California Attorney General boosts bill banning medical debt from credit reports

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California Attorney General Rob Bonta announced Monday that he is throwing his weight behind legislation to bar medical debt from showing up on consumer credit reports, a Democratic-led effort to offer protection to patients squeezed by health care bills.

Bonta is a sponsor of Sen. Monique Limón's bill, which seeks to block health care providers, as well as any contracted collection agency, from sharing a patient's medical debt with credit reporting agencies. It would also prevent credit reporting agencies from accepting, storing, or sharing any information concerning medical debt. Medical debt isn't necessarily an accurate reflection of credit risk, and its inclusion in credit reports can depress credit scores and make it hard for people to get a job, rent an apartment, or secure a car loan.

"This is a broken part of our current system that needs to be fixed," Bonta, a Democrat, told KFF Health News. "This is California’s opportunity, and we relish the ability to be up in front of key issues."

If enacted, California would become the third state to remove medical bills from consumer credit reports, following Colorado and New York in 2023. Minnesota has a proposal to do the same. Last year, the Biden administration announced plans to develop similar federal rules through the Consumer Financial Protection Bureau, but they have yet to be released. And should former President Donald Trump return to the White House, he would have the prerogative to undo the rules.

Limón said it's important for the state to enshrine its own protections into law alongside the federal push. "We may be waiting for a very long time to see outcomes that California could potentially deliver in the next year," said the Santa Barbara Democrat.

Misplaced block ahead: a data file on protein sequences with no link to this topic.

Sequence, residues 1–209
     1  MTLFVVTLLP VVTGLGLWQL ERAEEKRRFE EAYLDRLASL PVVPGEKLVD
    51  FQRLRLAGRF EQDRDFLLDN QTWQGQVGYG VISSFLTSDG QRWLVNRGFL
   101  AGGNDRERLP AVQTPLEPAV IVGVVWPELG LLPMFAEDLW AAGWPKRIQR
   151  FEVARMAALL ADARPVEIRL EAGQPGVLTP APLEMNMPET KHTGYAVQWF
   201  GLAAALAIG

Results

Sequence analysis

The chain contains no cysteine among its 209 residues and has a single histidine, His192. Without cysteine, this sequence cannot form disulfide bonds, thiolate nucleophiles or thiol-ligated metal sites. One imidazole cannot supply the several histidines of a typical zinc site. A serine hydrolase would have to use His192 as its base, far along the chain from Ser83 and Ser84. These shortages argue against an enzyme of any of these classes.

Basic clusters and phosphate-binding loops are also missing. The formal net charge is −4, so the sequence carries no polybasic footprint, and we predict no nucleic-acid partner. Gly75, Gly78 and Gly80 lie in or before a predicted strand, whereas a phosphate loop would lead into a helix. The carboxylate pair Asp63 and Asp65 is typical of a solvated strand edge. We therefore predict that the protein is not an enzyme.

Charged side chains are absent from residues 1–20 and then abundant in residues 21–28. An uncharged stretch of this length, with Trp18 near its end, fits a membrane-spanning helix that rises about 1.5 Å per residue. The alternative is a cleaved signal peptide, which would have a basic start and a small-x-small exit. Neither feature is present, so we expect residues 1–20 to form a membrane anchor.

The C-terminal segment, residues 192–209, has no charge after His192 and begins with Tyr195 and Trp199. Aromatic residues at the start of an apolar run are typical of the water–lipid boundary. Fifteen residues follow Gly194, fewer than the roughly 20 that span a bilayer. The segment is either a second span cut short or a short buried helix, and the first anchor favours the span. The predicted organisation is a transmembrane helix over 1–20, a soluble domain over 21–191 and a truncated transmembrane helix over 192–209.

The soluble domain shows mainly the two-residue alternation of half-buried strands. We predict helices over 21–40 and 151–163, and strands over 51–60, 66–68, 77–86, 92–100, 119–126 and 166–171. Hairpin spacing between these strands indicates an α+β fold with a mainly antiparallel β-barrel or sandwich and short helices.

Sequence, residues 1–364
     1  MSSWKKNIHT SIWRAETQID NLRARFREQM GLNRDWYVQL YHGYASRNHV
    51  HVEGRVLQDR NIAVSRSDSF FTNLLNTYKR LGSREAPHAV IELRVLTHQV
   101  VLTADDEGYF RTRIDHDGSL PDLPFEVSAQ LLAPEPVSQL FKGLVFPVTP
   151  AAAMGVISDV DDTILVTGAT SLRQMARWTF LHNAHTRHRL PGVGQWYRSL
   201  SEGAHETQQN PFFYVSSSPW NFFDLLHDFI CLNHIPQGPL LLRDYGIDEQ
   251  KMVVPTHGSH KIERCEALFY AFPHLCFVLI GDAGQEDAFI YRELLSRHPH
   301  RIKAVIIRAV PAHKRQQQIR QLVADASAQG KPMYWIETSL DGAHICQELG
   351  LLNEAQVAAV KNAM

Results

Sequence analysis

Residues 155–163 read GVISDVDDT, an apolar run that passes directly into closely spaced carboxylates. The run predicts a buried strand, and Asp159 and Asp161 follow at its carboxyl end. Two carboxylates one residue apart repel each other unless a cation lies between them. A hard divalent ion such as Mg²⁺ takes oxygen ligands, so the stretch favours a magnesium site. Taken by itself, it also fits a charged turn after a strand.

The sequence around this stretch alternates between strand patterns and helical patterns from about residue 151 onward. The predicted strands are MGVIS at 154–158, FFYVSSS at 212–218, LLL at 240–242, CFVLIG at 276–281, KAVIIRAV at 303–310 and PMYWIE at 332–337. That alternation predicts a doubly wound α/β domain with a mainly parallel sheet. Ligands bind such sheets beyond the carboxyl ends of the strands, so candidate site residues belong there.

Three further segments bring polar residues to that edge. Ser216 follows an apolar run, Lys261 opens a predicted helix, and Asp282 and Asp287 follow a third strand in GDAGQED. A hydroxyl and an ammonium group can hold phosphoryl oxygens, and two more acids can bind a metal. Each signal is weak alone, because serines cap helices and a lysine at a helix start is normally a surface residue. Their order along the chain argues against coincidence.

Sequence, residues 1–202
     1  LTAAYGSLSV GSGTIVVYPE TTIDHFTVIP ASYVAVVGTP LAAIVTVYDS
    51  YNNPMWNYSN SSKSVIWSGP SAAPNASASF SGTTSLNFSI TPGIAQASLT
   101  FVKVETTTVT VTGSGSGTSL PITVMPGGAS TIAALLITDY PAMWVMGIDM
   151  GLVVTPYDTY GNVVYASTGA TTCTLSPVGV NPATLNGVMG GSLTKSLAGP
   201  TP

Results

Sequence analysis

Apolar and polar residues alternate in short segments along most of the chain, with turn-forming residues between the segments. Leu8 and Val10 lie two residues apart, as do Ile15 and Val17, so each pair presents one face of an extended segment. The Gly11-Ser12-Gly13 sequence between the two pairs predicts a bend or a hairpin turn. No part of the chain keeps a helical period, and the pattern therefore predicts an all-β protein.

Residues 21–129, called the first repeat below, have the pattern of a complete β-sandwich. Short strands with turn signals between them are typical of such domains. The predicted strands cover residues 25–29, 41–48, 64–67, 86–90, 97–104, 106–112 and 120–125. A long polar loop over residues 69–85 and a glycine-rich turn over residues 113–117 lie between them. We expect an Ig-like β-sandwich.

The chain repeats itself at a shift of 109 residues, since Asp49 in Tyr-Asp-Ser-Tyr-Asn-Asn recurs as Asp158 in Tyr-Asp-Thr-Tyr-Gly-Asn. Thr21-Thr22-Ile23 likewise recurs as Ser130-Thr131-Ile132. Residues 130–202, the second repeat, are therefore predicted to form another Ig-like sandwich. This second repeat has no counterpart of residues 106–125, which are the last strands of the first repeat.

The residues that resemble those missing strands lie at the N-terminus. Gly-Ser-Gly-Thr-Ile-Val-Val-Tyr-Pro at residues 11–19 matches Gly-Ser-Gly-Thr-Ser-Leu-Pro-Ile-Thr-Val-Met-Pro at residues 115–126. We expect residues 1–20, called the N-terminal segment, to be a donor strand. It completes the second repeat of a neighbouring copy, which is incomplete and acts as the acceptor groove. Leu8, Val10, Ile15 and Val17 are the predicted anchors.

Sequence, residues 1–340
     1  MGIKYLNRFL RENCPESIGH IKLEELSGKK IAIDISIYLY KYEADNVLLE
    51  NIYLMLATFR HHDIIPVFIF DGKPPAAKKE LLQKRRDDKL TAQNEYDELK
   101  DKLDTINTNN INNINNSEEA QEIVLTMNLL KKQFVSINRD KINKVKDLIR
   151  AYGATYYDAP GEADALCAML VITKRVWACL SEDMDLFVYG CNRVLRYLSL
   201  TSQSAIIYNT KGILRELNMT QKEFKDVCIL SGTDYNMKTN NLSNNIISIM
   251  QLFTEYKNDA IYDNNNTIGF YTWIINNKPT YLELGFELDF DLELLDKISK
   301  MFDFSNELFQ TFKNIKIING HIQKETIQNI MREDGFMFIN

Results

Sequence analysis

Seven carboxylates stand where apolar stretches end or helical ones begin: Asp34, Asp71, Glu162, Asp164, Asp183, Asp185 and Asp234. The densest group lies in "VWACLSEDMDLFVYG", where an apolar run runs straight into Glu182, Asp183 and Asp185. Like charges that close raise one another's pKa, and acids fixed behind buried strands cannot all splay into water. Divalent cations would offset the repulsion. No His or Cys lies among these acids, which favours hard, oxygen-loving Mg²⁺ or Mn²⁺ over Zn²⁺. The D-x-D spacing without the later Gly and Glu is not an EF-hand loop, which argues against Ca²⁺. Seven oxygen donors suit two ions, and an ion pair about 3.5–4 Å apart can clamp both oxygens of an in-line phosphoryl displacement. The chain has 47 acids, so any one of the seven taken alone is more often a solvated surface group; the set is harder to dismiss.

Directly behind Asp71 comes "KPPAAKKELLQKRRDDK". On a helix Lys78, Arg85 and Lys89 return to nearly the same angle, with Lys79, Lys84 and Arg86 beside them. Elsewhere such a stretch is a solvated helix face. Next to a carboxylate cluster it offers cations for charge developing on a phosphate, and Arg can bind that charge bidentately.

Bonta said he's not sure what sort of opposition to the bill to expect, but he wonders if providers and collection agencies will be resistant.

A KFF Health News analysis found that credit reporting threats are the most common collection tactic used by hospitals to get patients to pay their bills. A hospital, for example, might be concerned that a credit score ban might make it more difficult to get patients to pay for medical care they have already received.

The three largest U.S. credit agencies — Equifax, Experian, and TransUnion — have said they would stop including some medical debt on credit reports as of 2022. Among the excluded debts are paid-off bills and those less than $500, but the agencies' voluntary actions left out millions of patients with bigger medical bills on their credit reports.

Limón said she often hears from constituents about the impact medical debt has on their lives. Medical debt disproportionately affects low-income, Black, and Latino Californians, according to the California Health Care Foundation.

And, increasingly, people with healthy incomes who often carry medical insurance are incurring medical debt. A KFF Health News-NPR investigation found that about 100 million people across the country are saddled with medical debt, which has forced some to give up their homes, ration food, and take on extra work.

Though the legislation wouldn't forgive medical debt, Limón said she hopes it will encourage people to seek medical care when they need it.

"You hear so many people now that are concerned about getting medical care because they can’t afford it and instead wait to get worse," Limón said. "If the bill passes, we’ll see less fear and more people going to get medical care."

Kaiser Health NewsThis article was reprinted from khn.org, a national newsroom that produces in-depth journalism about health issues and is one of the core operating programs at KFF - the independent source for health policy research, polling, and journalism.

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